That Annihilated Place

τὸ δ᾽ ἔργον τοῦτο μὴ μόνον εἶναι κατὰ τὸ μέγεθος ἀποδοχῆς ἄξιον, ἀλλὰ καὶ τῇ τέχνῃ θαυμαστὸν καὶ τῇ τοῦ λίθου φύσει διαφέρον, ὡς ἂν ἐν τηλικούτῳ μεγέθει μήτε διαφυάδος μήτε κηλῖδος μηδεμιᾶς θεωρουμένης. ἐπιγεγράφθαι δ᾽ ἐπ᾽ αὐτοῦ ‘βασιλεὺς βασιλέων Ὀσυμανδύας εἰμί. εἰ δέ τις εἰδέναι βούλεται πηλίκος εἰμὶ καὶ ποῦ κεῖμαι, νικάτω τι τῶν ἐμῶν ἔργων.’

Diod. 1.47.4.

[M]ox visit veterum Thebarum magna vestigia. Et manebant structis molibus litterae Aegyptiae, priorem opulentiam complexae: iussusque e senioribus sacerdotum patrium sermonem interpretari, referebat habitasse quondam septingenta milia aetate militari atque eo cum exercitu regem Rhamsen Libya, Aethiopia Medisque et Persis et Bactriano ac Scytha potitum quasque terras Suri Armeniique et contigui Cappadoces colunt, inde Bithynum, hinc Lycium ad mare imperio tenuisse. Legebantur et indicta gentibus tributa, pondus argenti et auri, numerus armorum equorumque et dona templis, ebur atque odores, quasque copias frumenti et omnium utensilium quaeque natio penderet, haud minus magnifica quam nunc vi Parthorum aut potentia Romana iubentur.

Tac. Ann. 2.60.

The New Zealander (1872) by Gustave Doré.

OZYMANDIAS;
or, On A Stupendous Leg of Granite, Discovered Standing by Itself in the Deserts of Egypt, with the Inscription Inserted Below.

In Egypt’s sandy silence, all alone,
Stands a gigantic Leg, which far off throws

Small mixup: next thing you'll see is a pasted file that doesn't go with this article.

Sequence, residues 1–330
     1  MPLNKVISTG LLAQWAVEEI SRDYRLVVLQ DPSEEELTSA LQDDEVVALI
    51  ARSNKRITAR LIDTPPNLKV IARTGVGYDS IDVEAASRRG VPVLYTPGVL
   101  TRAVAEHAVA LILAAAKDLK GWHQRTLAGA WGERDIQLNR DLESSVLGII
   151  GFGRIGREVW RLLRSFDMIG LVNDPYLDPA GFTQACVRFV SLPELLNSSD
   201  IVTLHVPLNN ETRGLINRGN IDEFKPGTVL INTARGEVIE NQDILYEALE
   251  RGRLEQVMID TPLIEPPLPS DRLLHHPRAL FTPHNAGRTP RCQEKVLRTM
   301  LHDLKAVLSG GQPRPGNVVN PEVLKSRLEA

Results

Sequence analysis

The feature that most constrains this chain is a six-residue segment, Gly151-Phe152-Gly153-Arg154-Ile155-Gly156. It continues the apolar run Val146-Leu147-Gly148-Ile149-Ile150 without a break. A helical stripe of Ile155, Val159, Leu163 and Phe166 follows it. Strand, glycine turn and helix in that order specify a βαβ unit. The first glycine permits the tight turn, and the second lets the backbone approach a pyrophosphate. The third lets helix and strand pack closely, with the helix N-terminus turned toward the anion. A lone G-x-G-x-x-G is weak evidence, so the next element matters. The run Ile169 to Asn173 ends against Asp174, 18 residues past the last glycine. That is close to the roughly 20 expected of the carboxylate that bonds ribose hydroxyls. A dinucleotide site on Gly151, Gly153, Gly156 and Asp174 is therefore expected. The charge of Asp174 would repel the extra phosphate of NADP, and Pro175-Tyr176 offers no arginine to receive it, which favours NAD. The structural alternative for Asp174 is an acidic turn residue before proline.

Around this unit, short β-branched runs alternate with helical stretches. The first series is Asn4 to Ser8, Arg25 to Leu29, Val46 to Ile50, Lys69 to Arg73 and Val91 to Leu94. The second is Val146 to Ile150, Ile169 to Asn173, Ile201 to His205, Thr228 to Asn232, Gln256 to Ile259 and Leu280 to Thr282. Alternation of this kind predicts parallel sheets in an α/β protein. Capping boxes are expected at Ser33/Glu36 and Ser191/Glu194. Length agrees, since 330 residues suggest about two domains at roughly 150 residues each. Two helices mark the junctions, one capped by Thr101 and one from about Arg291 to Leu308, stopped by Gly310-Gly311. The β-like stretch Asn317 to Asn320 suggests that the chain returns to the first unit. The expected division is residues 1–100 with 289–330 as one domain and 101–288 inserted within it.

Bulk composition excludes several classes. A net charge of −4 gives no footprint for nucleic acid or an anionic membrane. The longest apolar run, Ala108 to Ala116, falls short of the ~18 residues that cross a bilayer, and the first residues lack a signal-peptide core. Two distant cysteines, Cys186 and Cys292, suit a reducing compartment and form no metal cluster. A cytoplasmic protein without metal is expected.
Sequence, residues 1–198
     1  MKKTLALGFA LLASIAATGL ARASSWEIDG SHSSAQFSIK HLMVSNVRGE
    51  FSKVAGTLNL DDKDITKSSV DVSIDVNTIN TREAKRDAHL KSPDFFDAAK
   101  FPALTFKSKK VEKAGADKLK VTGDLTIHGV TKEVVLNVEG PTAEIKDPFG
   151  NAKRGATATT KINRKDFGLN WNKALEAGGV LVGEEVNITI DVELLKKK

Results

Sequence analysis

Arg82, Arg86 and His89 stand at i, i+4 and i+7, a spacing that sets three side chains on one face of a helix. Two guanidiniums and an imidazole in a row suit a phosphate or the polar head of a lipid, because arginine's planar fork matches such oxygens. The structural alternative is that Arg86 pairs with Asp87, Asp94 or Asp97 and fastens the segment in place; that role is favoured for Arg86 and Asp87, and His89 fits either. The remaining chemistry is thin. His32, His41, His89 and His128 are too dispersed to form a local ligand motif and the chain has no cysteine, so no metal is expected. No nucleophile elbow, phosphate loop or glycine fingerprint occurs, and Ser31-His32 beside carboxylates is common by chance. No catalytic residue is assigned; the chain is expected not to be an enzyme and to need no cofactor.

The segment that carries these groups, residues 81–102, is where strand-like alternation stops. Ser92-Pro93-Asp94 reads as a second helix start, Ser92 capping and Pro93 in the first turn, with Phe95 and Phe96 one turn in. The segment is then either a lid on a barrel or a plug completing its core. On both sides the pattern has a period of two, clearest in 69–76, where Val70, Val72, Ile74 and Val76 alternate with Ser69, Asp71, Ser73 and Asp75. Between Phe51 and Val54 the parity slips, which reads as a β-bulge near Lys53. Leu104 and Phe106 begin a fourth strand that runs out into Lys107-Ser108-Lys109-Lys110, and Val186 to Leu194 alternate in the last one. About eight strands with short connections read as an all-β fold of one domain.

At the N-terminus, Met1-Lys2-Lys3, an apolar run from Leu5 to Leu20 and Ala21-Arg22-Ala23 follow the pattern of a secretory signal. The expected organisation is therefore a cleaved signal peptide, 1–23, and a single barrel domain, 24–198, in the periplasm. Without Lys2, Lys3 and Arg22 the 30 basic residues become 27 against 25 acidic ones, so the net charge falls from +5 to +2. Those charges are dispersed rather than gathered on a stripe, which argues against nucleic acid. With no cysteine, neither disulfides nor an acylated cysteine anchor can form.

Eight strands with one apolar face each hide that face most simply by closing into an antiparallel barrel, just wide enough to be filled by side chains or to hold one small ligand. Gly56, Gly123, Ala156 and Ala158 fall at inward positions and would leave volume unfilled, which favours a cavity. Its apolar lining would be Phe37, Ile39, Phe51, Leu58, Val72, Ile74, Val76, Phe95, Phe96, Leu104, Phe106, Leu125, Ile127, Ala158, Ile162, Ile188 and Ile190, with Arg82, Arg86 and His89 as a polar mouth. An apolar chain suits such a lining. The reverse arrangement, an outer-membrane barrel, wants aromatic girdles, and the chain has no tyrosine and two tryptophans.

The only shadow that the Desert knows:—
“I am great OZYMANDIAS,” saith the stone,
“The King of Kings; this mighty City shows
“The wonders of my hand.”— The City’s gone,—
Nought but the Leg remaining to disclose
The site of this forgotten Babylon.

We wonder,—and some Hunter may express
Wonder like ours, when thro’ the wilderness
Where London stood, holding the Wolf in chace,
He meets some fragment huge, and stops to guess
What powerful but unrecorded race
Once dwelt in that annihilated place.

Horace Smith,
The Examiner, 1 February 1818.

Horace Smith by unknown artist, watercolour, c. 1840; NPG 2200.

Is it not odd that the only truly generous person I ever knew who had money enough to be generous with should be a stockbroker? He writes poetry and pastoral dramas and yet knows how to make money, and does make it, and is still generous.

Shelley on Smith.

Carnyx

Carnyx found in the Gallic sanctuary of Tintignac (Corrèze). Cité des Sciences et de l’Industrie (Paris), “Les Gaulois, une expo renversante”, from 19-10-2011 to 02-09-2012.

Their trumpets again are of a peculiar barbarian kind; they blow into them and produce a harsh sound which suits the tumult of war.

— Diodorus Siculus around 60-30 BC (Histories, 5.30).

The word “carnyx” is derived from the Gaulish root, “carn-” or “cern-” meaning “antler” or “horn,” and the same root of the name of the god, Cernunnos (Delmarre, 1987 pp. 106–107). This is the name the Romans gave to the instrument. The original Celtic name is unknown.

Three carnyx players are depicted on plate E of the Gundestrup cauldron.